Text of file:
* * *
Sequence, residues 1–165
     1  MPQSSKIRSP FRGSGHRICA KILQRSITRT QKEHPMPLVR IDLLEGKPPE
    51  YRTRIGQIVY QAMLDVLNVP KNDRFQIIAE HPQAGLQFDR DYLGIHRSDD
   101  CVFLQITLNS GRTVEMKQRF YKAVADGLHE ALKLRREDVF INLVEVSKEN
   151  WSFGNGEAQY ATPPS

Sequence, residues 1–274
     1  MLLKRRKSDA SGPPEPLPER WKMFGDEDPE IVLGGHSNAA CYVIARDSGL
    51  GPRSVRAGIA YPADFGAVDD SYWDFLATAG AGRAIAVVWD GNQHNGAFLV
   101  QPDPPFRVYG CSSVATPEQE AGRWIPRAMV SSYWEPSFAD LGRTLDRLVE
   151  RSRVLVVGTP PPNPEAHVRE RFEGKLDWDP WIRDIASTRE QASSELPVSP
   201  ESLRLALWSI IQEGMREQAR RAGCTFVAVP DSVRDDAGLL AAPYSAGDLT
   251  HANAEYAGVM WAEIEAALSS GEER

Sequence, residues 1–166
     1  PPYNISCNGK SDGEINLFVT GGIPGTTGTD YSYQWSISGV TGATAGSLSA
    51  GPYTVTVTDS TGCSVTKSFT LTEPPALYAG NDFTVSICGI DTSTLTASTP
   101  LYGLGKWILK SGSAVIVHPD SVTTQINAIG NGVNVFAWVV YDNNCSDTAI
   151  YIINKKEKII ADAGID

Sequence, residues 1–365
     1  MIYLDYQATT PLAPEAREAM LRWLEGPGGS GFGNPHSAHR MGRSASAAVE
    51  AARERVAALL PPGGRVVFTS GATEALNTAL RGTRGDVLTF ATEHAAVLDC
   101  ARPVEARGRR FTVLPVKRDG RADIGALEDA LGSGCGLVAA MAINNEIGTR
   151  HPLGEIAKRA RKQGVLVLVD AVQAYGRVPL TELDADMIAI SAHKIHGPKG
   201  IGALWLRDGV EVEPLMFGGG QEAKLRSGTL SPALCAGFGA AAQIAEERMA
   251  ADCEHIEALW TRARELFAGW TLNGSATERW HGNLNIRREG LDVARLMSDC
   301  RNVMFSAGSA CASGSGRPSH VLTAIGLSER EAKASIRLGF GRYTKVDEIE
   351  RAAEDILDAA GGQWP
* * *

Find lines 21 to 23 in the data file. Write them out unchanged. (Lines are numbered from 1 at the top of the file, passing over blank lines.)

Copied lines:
   101  ARPVEARGRR FTVLPVKRDG RADIGALEDA LGSGCGLVAA MAINNEIGTR
   151  HPLGEIAKRA RKQGVLVLVD AVQAYGRVPL TELDADMIAI SAHKIHGPKG
   201  IGALWLRDGV EVEPLMFGGG QEAKLRSGTL SPALCAGFGA AAQIAEERMA